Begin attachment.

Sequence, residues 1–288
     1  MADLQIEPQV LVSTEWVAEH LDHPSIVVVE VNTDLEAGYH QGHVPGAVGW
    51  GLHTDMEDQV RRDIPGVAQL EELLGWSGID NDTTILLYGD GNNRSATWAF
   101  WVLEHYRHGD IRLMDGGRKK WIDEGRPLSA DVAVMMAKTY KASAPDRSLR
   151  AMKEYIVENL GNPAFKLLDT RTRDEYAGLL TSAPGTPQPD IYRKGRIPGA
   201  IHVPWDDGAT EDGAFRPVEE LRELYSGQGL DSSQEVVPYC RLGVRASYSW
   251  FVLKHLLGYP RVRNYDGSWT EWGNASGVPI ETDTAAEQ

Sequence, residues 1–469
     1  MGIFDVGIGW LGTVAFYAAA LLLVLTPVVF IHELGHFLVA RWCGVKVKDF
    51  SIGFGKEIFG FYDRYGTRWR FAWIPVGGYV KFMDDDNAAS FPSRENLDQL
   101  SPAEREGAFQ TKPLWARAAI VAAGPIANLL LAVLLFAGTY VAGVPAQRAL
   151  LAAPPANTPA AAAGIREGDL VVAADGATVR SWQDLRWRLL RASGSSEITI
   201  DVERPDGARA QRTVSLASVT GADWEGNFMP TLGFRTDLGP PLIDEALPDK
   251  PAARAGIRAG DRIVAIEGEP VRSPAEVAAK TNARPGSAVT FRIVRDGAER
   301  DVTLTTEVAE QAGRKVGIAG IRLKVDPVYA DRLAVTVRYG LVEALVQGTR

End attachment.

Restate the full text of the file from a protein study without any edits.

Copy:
Sequence, residues 1–288
     1  MADLQIEPQV LVSTEWVAEH LDHPSIVVVE VNTDLEAGYH QGHVPGAVGW
    51  GLHTDMEDQV RRDIPGVAQL EELLGWSGID NDTTILLYGD GNNRSATWAF
   101  WVLEHYRHGD IRLMDGGRKK WIDEGRPLSA DVAVMMAKTY KASAPDRSLR
   151  AMKEYIVENL GNPAFKLLDT RTRDEYAGLL TSAPGTPQPD IYRKGRIPGA
   201  IHVPWDDGAT EDGAFRPVEE LRELYSGQGL DSSQEVVPYC RLGVRASYSW
   251  FVLKHLLGYP RVRNYDGSWT EWGNASGVPI ETDTAAEQ

Sequence, residues 1–469
     1  MGIFDVGIGW LGTVAFYAAA LLLVLTPVVF IHELGHFLVA RWCGVKVKDF
    51  SIGFGKEIFG FYDRYGTRWR FAWIPVGGYV KFMDDDNAAS FPSRENLDQL
   101  SPAEREGAFQ TKPLWARAAI VAAGPIANLL LAVLLFAGTY VAGVPAQRAL
   151  LAAPPANTPA AAAGIREGDL VVAADGATVR SWQDLRWRLL RASGSSEITI
   201  DVERPDGARA QRTVSLASVT GADWEGNFMP TLGFRTDLGP PLIDEALPDK
   251  PAARAGIRAG DRIVAIEGEP VRSPAEVAAK TNARPGSAVT FRIVRDGAER
   301  DVTLTTEVAE QAGRKVGIAG IRLKVDPVYA DRLAVTVRYG LVEALVQGTR